Friday, 21 September 2012

Agriculture: Food produce speculation remains niche area

By Lucy Warwick-Ching
Crop speculation by traders is back in the spotlight after food prices rose by an average of 6 per cent globally in July and critics argue speculation heaps further pressure on the world’s poorest people.

A number of European banks have bowed to pressure and have withdrawn products that enable investors to speculate on food prices after campaigners said these investment vehicles play a significant role in pushing up prices globally.
The recent rises in agricultural commodity prices have raised concerns about supply shocks, as well as the effect on food inflation around the world over the next 12 months.

“The worst drought since 1956 in the US has sent corn yields plunging and price soaring which has forced farmers across the US to make the choice between feeding their livestock at elevated prices, and slaughtering them, as they become too expensive to keep,” says Michael Hewson, senior market strategist at CMC Markets.

“While this has sent beef prices lower, the rise in prices has also illustrated how sensitive the food chain is around the world to even the slightest supply shock.“

There are still ways for small traders to speculate on crop prices without buying the assets directly – via spread bets. Spread betting firms routinely offer prices on a range of the leading agricultural commodities, including wheat, corn, sugar, coffee, cocoa, oats and soya produce. You can either spread bet on the commodity itself, or, in some cases, on the exchange-traded product linked to it.

But it is still a niche area for investors. “Soft commodities have never been a major market for Capital Spreads’ clients,” says Simon Denham, head of the firm. “While clients do tend to like ‘volatile’ instruments, the information flow is so opaque, and the consequent price action so violent, that investors have been rather put off.”

Mr Denham adds that in the past investors have generally needed a reason to be involved – for example, if they are a producer, supplier or broker – and have tended to “need deep pockets and nerves of steel”.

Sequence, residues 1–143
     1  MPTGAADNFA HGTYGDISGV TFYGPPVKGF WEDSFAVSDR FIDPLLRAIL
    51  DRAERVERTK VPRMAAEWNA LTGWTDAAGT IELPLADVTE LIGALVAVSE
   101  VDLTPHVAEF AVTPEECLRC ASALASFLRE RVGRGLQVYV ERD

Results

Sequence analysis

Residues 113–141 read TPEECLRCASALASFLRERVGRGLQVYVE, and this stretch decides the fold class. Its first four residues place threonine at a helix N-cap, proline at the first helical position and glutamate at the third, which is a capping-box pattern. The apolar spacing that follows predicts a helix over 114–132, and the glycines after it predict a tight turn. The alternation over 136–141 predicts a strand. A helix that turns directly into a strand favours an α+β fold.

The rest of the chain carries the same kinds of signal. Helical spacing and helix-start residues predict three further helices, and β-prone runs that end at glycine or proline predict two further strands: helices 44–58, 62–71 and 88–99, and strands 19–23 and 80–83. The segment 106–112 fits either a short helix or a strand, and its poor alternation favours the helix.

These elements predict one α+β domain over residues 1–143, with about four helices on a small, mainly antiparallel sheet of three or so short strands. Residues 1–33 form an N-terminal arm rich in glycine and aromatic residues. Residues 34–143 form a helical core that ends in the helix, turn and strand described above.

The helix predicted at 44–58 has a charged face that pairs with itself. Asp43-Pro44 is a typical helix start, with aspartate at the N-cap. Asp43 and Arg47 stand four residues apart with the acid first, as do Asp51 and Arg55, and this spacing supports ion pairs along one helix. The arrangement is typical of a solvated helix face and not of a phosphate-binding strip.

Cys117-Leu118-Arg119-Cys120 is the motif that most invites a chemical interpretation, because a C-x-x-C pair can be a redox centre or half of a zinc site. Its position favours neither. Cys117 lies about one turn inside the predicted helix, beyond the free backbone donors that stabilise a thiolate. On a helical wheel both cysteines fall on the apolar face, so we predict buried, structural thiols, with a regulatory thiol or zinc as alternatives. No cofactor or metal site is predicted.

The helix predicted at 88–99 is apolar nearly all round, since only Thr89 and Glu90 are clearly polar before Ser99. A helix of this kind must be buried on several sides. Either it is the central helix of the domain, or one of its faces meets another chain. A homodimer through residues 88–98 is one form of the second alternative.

Agricultural commodities tend to cost more to spread bet, than, say, equities, warn experts. To trade corn, the difference between bid and offer prices could be several times that on the FTSE 100. And the spread for something less mainstream, such as oat prices, would be even wider.

But experts say shot-term traders can benefit from the continuing price fluctuations.

“Agricultural commodity products are likely to have wild swings as they become politicised coming into the November US elections,” says Joe Rundle, head of trading at ETX Capital.

“The increased headlines will draw in a new breed of speculator who has not traditionally traded agricultural products – ETX has seen a 200 per cent increase in trading in December wheat prices. The speculators will add to the volatility in the short term as they chase the market.”

So, what has been driving prices? Part of the problem surrounding food price volatility, says Mr Hewson, and something that will continue to be so, has in part been the scarcity of available arable land. When set against rising food needs, this is likely to make future price shocks “a fact of life,” he warns.

He argues that this will be compounded by the rise of a growing middle class in emerging market economies. “The growth in countries such as Brazil, India and China will probably see demand for these food staples rise in the coming years and governments will have to make hard decisions about how they meet the needs of their populations in a world that appears to be growing rapidly, while susceptible to ever-growing extreme weather conditions,” he notes.

Predictions vary widely among experts as to which way food prices will go. For those traders still keen to take a punt the question is, which way to bet.

Matt Weller, technical analyst at GFT Markets, says that with a growing global middle class and continuing demand from agricultural crops being used as biofuels, “the long-term trajectory for soft commodities appears set to remain upward”.

But he says much of these rises are linked to institutional speculators putting pressure on prices to rise. “As such, although it may to too early to call a top to this rally, it would seem foolish to imagine that the gains can be guaranteed from this point in,” he adds.

“In fact, long-term seasonality patterns suggest that many soft commodities tend to drop over the September and October period as the supply glut around harvest time hits the market.”

However, Mr Denham argues that the temporary run up in prices dues to the possible failure of this year’s US harvests will probably not have a long-term impact on prices because, in the end, the segments with the power in the food price chain “are the processors and supermarkets, not the farmers”.
Original Article Here

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